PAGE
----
The show was supposed to be an adaptation of a kavadi, but just for the head. It was in my early days and I was a lot more experimental back then. I knew very little about shows or even entertainment for that matter. There was really no end planned out for the show- it was just sort of stick shit in my face and it’s a show. I believe we were going to end it with a blackout, but it never happened. As I remember one of the crew was supposed to smash the lights with a hammer; but I guess there was a communication error.
You can see at one point I lean over. What you can’t see was a mouth full of saliva that I had been building during the performance. I leaned over, let it run out of my mouth and I expected the lights to go out. That never happened and everyone thought I was passing out.
As for pain, it was all virtually painless. The tiny needles in the eyebrows was really the worst part. The spears in the head actually felt more like a deep message. Some parts of the video are a little rough, but we decided to keep it intact for presentation.
Allen Falkner is an innovator in the Body Suspension community, a founding member of TSD: Traumatic Stress Discipline and a former Body Piercer from Dallas Texas. He has organized several Dallas Suscons as well as traveling globally to share his skills and to learn from others. He is an advisor to the newly formed ISA: International Suspension Alliance and operates FADE FAST, a laser tattoo removal business in Dallas.
When some folks host suspension events emphasis is often placed on how many suspension they can cram into a three day period. They pride themselves on pushing the envelope with what can be done with rigging and occasionally if not often devolve into one-upmanship, trying to see if you can hang from one 16g hook in your scrotum long enough to get a photo to post on their tumblr accounts*.
Allen Falkner and his team do things a little differently. This year’s DALLAS Suscon features a class schedule that could rival the annual APP Conference in Vegas. Bedside manner, gender roles in the suspension community, how music choices tie in with ritual, invaluable technique classes that cover everything from basic/advanced knot tying to suturing should the situation call for it. There are also classes by Paul King and Fakir Musfar that promise to justify the price of admission.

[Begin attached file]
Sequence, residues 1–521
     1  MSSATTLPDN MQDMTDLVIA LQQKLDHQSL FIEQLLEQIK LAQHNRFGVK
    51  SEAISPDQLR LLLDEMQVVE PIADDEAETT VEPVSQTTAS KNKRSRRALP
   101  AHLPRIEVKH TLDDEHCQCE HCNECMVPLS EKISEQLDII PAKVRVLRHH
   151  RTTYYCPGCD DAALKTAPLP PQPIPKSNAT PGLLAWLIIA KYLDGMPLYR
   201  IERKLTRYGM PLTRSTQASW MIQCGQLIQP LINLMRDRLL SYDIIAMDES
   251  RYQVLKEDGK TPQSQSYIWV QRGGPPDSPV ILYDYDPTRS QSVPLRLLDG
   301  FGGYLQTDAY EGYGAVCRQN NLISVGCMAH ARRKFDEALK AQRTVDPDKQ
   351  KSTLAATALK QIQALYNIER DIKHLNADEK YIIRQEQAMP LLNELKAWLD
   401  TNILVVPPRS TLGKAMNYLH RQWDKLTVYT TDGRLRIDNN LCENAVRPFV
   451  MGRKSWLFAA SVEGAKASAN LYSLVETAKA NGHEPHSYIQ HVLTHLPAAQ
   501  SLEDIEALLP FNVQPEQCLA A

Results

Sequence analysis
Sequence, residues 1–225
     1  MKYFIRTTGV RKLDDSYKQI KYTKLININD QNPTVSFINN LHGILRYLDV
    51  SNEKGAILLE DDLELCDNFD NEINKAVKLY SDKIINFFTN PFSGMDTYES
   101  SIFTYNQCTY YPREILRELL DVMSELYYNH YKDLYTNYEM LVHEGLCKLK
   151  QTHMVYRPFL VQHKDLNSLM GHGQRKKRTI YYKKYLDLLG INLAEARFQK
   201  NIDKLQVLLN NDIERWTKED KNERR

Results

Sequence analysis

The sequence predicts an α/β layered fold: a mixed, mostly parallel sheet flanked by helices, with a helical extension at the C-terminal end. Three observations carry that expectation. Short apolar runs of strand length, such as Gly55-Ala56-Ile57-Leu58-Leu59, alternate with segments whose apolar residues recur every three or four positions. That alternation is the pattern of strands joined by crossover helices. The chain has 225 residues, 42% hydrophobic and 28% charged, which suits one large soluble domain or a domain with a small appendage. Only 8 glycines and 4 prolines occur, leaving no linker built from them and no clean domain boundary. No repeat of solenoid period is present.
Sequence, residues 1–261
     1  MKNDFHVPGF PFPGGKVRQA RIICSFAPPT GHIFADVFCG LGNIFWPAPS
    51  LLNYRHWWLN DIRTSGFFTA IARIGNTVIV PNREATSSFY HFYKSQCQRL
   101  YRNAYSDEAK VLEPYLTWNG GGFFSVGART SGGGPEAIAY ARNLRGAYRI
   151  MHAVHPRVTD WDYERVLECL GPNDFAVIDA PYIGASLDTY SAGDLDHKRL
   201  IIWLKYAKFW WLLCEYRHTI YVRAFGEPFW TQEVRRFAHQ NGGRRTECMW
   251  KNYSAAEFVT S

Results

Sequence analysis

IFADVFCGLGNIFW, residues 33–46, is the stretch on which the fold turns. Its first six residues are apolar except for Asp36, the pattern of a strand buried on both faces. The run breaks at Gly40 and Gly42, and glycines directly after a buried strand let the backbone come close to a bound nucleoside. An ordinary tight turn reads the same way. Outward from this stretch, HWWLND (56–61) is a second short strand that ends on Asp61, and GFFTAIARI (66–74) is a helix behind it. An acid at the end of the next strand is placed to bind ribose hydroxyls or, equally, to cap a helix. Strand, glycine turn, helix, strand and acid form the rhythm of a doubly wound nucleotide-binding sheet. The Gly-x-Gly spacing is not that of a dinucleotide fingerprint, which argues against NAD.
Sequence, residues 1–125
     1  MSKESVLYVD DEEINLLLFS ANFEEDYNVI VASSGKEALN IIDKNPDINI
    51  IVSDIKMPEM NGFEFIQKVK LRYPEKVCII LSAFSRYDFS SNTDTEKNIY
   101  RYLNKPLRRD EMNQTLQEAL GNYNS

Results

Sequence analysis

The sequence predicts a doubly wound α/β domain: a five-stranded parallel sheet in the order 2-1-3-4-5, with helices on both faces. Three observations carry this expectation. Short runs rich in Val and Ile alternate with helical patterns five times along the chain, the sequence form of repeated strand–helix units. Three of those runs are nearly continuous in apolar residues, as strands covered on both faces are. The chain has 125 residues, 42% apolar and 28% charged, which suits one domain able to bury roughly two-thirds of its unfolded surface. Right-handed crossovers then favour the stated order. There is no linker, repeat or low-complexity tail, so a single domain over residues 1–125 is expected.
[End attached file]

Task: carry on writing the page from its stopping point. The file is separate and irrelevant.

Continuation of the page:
Consider a piece of body jewelry.
Not some piece of mass produced low quality mall kiosk belly button ring with vibrating dolphin charm, but a beautiful handmade piece of wearable art made by an artisan company that takes pride in producing the finest jewelry available. Each piece takes time to be realized, created and quality checked before it moves to the next step in the chain- the folks who pack it up with care and send it to you knowing that you’re sitting around your mailbox counting the seconds until it arrives.
It’s a process with a lot of moving parts that works well in harmony and leaves both ends of the transaction happy.
Consider Sacred Debris.
Today is our one month anniversary. In that time, we’ve had almost 10,000 visitors. The most popular post for unique page views was Evolution of a Subculture: ModCon, the most traffic from a referring link was from Luis Garcia’s tumblr and we’ve had contributions from myself, Allen Falkner, Ron Garza and Luna Duran. During our first month I think we’ve managed to set a tone for what you can expect in the coming weeks.
As readers, you folks have left 214 comments on the 21 posts we’ve created. One of my main worries in starting a new project (with SPCOnline and Scarwars.net under my belt) was that it would be a one sided thing. Our team (which is mostly me right now) doing all of the work and having nothing to show for it in the end. I’ve been pleased to see that level of interaction- of community- with the Sacred Debris project. It may seem to be an afterthought, but discussing the articles really does make a difference. It shows us that the content is being read and appreciated, that there’s a market for something as incredibly niche as Body Modification history. The reblogs on tumblr, twitter and Facebook are also incredibly helpful in bringing visibility to what we’re doing, so keep that up. We’re going to be doing random contests for comments and reblogs- tshirts, original photographs from the SPC archive, posters- so there’s going to be some fun stuff coming (starting tonight with the ‘Do you remember your first PA’ contest) so stay tuned.